The Patriot Act clearly violates at least two of the four requirements of the Fourth Amendment to the U.S. Constitution regarding which searches are "reasonable" and constitutional. Under the Fourth Amendment, constitutional searches must have a court warrant, the warrant must be supported by an oath, the warrant must be based on "probable cause" and the warrant must describe what will be searched and what will be found. The Fourth Amendment reads:
The right of the people to be secure in their persons, houses, papers, and effects, against unreasonable searches and seizures, shall not be violated, and no Warrants shall issue, but upon probable cause, supported by Oath or affirmation, and particularly describing the place to be searched, and the persons or things to be seized.
The Boston Globe (summarizing an imperfect ACLU letter to Congress on the same issue) explained the constitutional problems with the three Patriot Act provisions, stressing that they violate the Fourth Amendment's explicit requirements for specificity in a search and "probable cause":
The roving wiretap provision violates search-and-seizure protections by not requiring the government to tell a judge exactly what it wants to search or seize. The government should at least have to name a particular target.
Another provision the House declined to extend allows the government to seize “any tangible thing’’ — such as library or financial records — without having to disclose how that thing might be relevant to terrorists or terrorist activities. The government should have to show probable cause.
The third rejected provision of the Patriot Act, to be granted only in secret courts, permits surveillance of people who aren’t US citizens and who have no connection to foreign terrorist organizations. This power has never been used. It could establish a worrisome precedent if used. Congress should let it expire.
Ironically, the ultra-leftist Boston Globe threw the budding Tea Party movement a bouquet for its opposition to the Patriot Act vote, titling its house editorial "In Patriot Act vote, Tea Party stands up for civil liberties." The spirited opposition by many Tea Party leaders to their own Republican Party's leadership has led some to wonder if a working alliance between liberals and Tea Party activists on defending the Bill of Rights exists. The Christian Science Monitor reported February 9 that "Many liberals tag the tea party movement as nativist, potentially racist, and out of step with progressive ideals. But some found themselves giving a nod of approval to tea-party-affiliated members of Congress who voted ... to nix parts of the Patriot Act on grounds that they let the government intrude too much on individual privacy in the name of national security."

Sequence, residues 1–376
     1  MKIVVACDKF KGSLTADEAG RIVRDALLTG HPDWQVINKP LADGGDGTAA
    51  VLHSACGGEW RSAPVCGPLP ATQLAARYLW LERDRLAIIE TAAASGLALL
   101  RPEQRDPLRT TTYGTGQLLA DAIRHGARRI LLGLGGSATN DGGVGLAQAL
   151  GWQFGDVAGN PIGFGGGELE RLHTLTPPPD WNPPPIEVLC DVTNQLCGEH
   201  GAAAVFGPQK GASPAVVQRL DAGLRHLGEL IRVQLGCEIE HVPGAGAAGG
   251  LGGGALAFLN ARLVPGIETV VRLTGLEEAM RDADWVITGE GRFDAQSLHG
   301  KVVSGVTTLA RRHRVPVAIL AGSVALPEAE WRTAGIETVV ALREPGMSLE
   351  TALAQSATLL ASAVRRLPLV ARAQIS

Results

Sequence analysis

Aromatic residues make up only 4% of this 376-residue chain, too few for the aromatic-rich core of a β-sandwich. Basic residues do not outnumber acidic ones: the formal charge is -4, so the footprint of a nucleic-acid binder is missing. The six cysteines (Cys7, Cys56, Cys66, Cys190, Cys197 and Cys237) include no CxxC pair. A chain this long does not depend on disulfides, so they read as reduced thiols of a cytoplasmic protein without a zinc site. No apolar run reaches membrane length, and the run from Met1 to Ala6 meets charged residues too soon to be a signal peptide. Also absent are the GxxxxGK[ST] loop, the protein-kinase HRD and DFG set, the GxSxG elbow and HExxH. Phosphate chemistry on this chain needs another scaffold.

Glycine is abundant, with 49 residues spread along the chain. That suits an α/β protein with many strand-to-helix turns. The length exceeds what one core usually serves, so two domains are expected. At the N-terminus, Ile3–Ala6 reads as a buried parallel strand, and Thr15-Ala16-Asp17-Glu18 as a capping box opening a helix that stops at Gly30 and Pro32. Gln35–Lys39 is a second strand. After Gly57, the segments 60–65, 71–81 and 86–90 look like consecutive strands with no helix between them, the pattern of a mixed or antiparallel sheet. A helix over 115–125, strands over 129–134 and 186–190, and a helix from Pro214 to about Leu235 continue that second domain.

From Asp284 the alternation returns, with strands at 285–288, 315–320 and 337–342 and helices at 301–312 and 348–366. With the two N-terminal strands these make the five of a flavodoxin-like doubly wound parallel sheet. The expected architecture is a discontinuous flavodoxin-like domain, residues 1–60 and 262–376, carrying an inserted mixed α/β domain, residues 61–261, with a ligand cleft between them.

But not everyone is jumping on board of this tentative and very limited coalition. The Washington Post's Greg Sargent claimed February 15 that the Tea Party fell in line behind the Patriot Act reauthorization, using a chart that inflated Tea Party membership and claimed to demonstrate that voting on the Patriot Act was no different between Tea Party activists and the Republican Party establishment. The Tea Party opposition to the Patriot Act made the difference in an earlier House vote that was held under a suspension of the rules, killing a fast-track provision to reenact the bill by the needed two-thirds majority vote. But it wasn't even close to stopping it when the vote for passage required a simple majority. In the House, 27 Republicans voted down the Patriot Act extension on final passage. Only seven of those were also members of the 51-member House Tea Party Caucus.